How are you creating partnerships that pass the regulatory sniff test?
I used to be a regulator. And what I like to say is, if the final rule comes out and everyone says, “It’s exactly what we thought it was going to be,” then we won. You have to listen to the stakeholders in a very public way, not requiring people to have very expensive lobbyists. Now, I’m looking at the regulators and I’m thinking, “What do they want? What are they worried about?” So it’s incumbent on you to offer regulators ways they can achieve their goals, because they know what they want but they don’t have perfect knowledge, particularly knowledge from the field.
There was one payer who we spent 18 months negotiating with, and they said, “Well, take it or leave it,” and we said, “OK, bye,” and they were shocked. But we knew we had other options.
Dr. Farzad Mostashari
Regulations can lead to standardization of best practices. But even if there is regulation that on paper looks good, real world dynamics necessitate change and that can be, as we have all experienced, a long and tedious processes. In the meantime, patients are still coming through our doors. My growing concern is that policy and regulations are becoming more driven by interests outside of health care. I think the more we can do to address regulation policy on behalf of our patients, the stronger we will be as a nation and the more we will ultimately be able to achieve in the healthcare sector for our communities.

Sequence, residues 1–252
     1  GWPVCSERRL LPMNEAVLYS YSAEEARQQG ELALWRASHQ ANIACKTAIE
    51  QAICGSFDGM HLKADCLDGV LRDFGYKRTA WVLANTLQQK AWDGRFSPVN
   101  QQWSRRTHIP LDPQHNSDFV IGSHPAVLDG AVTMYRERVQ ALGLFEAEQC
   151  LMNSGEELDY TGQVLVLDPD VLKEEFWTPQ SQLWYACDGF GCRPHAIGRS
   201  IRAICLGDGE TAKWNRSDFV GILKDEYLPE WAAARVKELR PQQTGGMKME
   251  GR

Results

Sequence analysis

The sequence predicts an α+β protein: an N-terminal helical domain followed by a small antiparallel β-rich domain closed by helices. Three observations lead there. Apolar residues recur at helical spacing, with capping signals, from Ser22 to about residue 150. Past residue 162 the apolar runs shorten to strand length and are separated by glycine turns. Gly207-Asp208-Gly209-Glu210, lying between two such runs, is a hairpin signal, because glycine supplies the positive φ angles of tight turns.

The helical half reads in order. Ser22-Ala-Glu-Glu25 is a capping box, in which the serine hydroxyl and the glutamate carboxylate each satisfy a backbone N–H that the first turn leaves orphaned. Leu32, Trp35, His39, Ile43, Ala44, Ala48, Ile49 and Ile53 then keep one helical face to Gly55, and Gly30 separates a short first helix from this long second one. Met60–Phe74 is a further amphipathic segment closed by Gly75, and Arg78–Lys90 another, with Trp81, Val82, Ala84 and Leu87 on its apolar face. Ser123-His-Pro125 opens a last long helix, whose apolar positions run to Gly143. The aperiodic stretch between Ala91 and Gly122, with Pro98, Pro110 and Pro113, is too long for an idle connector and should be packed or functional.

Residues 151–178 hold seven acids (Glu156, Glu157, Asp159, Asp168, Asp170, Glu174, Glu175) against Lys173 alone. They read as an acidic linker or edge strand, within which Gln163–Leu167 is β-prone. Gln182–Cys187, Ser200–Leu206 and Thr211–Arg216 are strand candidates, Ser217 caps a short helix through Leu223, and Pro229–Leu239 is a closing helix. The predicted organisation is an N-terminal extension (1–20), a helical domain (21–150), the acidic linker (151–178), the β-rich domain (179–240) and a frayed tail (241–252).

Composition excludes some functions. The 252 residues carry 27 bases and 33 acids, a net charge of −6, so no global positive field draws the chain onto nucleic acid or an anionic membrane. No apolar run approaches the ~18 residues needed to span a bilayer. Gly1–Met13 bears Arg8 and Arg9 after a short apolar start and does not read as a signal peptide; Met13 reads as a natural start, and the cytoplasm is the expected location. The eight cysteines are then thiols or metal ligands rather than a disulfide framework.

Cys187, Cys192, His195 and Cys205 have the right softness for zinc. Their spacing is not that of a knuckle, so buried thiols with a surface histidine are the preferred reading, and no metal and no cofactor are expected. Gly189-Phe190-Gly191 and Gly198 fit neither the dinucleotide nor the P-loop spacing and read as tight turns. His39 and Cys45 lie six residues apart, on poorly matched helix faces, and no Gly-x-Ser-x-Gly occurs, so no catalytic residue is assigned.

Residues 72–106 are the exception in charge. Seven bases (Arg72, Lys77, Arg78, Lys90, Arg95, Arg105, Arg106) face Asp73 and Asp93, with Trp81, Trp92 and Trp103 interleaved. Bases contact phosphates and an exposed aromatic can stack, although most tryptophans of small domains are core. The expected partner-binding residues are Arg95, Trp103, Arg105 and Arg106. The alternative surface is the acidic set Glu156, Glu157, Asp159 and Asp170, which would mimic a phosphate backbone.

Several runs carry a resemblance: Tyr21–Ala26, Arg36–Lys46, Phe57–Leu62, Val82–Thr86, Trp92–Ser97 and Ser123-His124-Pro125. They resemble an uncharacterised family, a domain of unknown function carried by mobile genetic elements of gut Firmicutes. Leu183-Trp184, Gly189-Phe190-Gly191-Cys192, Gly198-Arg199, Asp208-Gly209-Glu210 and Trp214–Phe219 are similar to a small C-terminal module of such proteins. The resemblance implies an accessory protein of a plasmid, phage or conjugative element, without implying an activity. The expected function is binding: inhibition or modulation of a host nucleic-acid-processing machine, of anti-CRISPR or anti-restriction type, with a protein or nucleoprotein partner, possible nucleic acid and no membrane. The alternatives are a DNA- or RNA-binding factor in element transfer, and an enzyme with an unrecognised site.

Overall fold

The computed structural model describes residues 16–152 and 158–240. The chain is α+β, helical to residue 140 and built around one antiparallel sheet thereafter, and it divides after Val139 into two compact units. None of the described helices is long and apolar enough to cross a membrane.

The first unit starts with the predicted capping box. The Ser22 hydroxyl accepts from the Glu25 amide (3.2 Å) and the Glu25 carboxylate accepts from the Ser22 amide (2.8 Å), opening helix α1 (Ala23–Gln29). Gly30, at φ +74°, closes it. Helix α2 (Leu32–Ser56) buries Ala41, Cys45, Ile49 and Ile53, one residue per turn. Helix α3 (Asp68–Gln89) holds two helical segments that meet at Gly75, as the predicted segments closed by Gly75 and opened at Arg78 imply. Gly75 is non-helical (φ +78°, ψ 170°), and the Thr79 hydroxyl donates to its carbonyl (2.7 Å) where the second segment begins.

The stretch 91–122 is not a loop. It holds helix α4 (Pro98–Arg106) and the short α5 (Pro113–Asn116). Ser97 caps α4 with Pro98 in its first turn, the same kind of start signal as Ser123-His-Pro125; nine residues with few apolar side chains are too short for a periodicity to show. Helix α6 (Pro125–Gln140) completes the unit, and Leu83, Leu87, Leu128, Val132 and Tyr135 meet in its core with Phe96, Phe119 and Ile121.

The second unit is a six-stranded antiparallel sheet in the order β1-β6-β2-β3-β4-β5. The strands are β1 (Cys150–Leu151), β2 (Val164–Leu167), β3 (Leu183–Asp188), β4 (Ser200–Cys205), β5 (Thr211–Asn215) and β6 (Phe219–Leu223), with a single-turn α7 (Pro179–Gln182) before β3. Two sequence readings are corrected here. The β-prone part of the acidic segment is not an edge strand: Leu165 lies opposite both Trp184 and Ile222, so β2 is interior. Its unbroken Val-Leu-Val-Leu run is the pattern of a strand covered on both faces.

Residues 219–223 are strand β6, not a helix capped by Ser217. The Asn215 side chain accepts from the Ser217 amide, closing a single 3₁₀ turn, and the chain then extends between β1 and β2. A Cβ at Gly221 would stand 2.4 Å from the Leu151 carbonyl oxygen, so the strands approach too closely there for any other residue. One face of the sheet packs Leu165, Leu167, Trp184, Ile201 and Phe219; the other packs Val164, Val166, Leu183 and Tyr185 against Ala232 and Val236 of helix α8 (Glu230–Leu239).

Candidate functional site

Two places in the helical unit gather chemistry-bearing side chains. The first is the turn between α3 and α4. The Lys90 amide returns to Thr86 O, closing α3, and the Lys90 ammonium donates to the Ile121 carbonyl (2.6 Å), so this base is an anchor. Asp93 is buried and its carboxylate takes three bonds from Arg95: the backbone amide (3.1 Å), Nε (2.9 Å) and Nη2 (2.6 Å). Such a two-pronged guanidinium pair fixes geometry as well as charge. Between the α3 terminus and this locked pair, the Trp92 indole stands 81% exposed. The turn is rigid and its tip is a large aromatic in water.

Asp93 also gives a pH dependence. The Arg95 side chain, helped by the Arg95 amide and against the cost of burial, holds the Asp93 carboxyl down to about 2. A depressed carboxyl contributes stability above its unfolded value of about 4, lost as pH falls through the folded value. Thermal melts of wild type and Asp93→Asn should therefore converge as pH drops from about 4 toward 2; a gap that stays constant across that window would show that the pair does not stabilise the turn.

Is there really a return on investment on value-based care, and can the push come from the private sector?
Yes, but I don’t believe, quite frankly, that you can get there through the government telling you what you have to do. I thought maybe a hybrid of showing us the path and letting the private sector try to get it right was probably more the right way. That has obviously shifted with the changes in the Center for Medicare and Medicaid Innovation, but I think, yes, and it has to.
Yes, I agree with my colleagues because right now we are servicing, collectively in this room, millions of individuals. We don’t have the luxury of taking a timeout. I think that we have to continue to talk to each other, whether it’s providers to payers or vice versa, we’re in it now. We have to make it work.
I think that the way out of the uncertainty around the details is to think about the low-regret actions. It’s unlikely that there’s going to be a future where being able to deliver genuinely better care at genuinely lower cost isn’t going to be good for your organization.
Dr. Farzad Mostashari